A group of well-respected criminologists has come out with a report about Justice Reinvestment not living up to its promise. Among other things, Kat believes one of the problems is that the table/the working group was not open to advocates . The only advocates who got to be invited were victim advocates, so folks in prison and the communities they come from had no seat/voice. Kat was interviewed by the Vera Institute and Kat expressed this frustration to them. This was especially sad because Hawai`i is the first (and only, Kat believes) state where JRI was initiated by community justice advocates.
The main problem is law enforcement and too much prosecutorial power. They have been obfuscating issues at the legislature and confusing policymakers who then worry more about their re-elections than public safety and justice.
Here are articles and the report:
Article from Sentencing Law and Policy
“The paper traces the history and examines the impact of Justice Reinvestment (JR) since its inception a decade ago to its current incarnation as a national initiative.
The primary conclusion is that while JR has served to soften the ground for criminal justice reform, it has not achieved significant reductions in the correctional populations or costs in most of the states in which it has been conducted. This is in contrast to its original intent: to reduce corrections populations and budgets and reinvest in high incarceration communities to make them safer, stronger, and more equitable.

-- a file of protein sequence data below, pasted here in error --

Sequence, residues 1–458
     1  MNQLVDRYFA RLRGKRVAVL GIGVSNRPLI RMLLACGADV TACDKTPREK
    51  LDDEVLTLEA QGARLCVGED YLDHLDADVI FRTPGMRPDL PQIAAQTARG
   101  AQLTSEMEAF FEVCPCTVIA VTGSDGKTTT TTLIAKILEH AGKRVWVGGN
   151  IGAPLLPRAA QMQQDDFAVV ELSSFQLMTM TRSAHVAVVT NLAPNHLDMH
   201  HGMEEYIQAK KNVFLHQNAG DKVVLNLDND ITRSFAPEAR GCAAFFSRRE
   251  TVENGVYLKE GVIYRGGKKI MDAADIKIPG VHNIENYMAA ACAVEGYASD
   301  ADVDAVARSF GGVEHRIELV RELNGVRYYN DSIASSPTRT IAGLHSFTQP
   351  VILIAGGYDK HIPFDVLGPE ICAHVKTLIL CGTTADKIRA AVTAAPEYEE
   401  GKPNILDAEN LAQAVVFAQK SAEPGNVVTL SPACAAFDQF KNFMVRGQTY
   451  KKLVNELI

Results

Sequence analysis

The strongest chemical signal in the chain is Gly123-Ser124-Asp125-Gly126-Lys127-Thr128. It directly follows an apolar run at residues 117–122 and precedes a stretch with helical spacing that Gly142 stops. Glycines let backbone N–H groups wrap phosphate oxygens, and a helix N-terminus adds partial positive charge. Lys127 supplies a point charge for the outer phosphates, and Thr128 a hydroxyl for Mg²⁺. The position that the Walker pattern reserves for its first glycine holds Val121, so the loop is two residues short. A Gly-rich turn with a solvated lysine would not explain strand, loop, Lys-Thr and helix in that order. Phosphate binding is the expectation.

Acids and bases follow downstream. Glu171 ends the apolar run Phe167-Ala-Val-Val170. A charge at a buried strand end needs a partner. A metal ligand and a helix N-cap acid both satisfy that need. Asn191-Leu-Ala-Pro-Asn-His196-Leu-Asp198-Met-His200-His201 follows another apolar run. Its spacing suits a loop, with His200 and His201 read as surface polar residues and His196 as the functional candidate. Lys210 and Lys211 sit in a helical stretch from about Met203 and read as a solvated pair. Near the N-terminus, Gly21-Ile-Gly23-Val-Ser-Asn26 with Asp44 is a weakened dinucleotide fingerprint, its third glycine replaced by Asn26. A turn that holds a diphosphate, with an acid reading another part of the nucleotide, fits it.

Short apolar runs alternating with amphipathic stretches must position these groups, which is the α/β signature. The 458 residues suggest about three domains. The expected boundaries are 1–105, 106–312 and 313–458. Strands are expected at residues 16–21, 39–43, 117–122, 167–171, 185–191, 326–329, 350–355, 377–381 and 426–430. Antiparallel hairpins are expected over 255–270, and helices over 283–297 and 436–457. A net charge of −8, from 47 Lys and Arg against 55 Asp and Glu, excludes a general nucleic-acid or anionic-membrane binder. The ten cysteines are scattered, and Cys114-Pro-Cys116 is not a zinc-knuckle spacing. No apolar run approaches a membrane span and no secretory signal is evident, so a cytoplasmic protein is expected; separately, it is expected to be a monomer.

As originally conceived, Justice Reinvestment called for the reduction of corrections populations and budgets to generate savings that would be reinvested in high incarceration communities to improve public safety, and reverse the destructive effects of mass incarceration and harsh punishment visited disproportionately upon individuals and communities of color.
As implemented through legislation in 18 states, the Justice Reinvestment Initiative has helped stabilize corrections populations and budgets, educate state legislators and public officials about the expense of correctional system, and persuade them to undertake reforms, but it runs the risk of institutionalizing mass incarceration at current levels.”
Critics Say Justice Reinvestment Sidesteps Minority Communities
The Crime Report